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Former Olympian, Glendale High volleyball coach Jorgensen passes away

Ninja Jorgensen, a former United States Olympic women's volleyball player and Glendale High volleyball coach, died Tuesday, according to usavb.org. She was 77 and the cause of death wasn't known.

Jorgensen, who was born July 6, 1940 in Los Angeles, had a distinguished national and international resume that included playing on the 1968 United States Olympics volleyball team. The United States finished eighth in the event in Mexico.

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Jorgensen, who graduated from Los Angeles High in 1957 and attended Occidental College, coached girls' volleyball at Glendale from 1962-98, She was also a physical education teacher at the school until she retired in early 2000.

"She was a remarkable person and she had quite a presence," said Glendale co-athletic director Pat Lancaster, who was a colleague of Jorgensen's for about 10 years. "She was a pioneer for girls' sports and her influence was something else."

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Lancaster said Jorgensen was inspirational in building up girls' sports, which included advancing their opportunities in sports by organizing athletic teams at Glendale and leagues for them to participate in.

She also coached swimming, basketball and badminton at Glendale.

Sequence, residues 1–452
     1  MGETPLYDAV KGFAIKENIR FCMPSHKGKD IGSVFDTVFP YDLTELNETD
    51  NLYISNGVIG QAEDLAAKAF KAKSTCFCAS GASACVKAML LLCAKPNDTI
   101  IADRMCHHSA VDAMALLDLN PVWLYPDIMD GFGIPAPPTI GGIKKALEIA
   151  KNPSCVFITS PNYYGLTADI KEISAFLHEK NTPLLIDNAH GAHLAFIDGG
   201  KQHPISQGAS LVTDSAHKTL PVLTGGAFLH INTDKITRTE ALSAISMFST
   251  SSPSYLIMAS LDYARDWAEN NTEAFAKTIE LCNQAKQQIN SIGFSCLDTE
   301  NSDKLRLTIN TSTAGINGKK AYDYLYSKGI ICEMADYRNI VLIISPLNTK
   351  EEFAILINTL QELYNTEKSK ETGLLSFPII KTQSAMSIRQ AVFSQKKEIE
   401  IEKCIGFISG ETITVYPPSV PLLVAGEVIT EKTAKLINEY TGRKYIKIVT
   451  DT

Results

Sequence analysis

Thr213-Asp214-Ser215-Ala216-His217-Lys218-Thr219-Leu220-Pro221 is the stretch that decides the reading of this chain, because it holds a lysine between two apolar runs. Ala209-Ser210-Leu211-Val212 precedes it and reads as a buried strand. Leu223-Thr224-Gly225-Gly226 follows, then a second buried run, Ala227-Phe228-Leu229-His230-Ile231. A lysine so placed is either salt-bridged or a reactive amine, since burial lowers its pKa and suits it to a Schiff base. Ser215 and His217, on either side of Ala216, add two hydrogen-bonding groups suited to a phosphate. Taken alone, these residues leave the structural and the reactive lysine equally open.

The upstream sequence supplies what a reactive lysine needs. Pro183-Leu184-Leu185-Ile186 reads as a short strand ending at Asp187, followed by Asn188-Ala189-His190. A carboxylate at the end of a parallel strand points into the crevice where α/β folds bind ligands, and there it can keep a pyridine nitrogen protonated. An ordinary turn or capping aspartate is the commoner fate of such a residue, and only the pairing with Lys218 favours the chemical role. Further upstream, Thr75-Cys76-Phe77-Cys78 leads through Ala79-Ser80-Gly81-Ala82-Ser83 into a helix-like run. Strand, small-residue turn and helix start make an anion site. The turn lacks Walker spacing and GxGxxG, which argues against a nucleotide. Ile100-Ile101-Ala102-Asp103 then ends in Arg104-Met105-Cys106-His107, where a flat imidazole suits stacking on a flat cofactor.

The CIF Southern Section did not recognize girls' sports until 1973, when playoff competition began. Prior to that, girls' sport teams competed in local leagues.

Jorgensen competed for the United States at the 1967 and 1970 World Championships, in addition to the 1971 Pan American Games. Jorgensen was awarded a silver medal at the 1967 World Championships in Tokyo before earning a gold medal at the 1967 Pan American Games. She was a member of the U.S. national team from 1965-73.

Jorgensen was tabbed a National Amateur Athletic Player of the Year and a U.S. Volleyball Assn. All-American in 1963

Jorgensen served as an NCAA official after her playing career ended and was an Olympic Player representative from 1984-1988. Jorgensen was bestowed with Los Angeles City Section Hall of Fame recognition in 2015.

Twitter: @TCNCharlesRich

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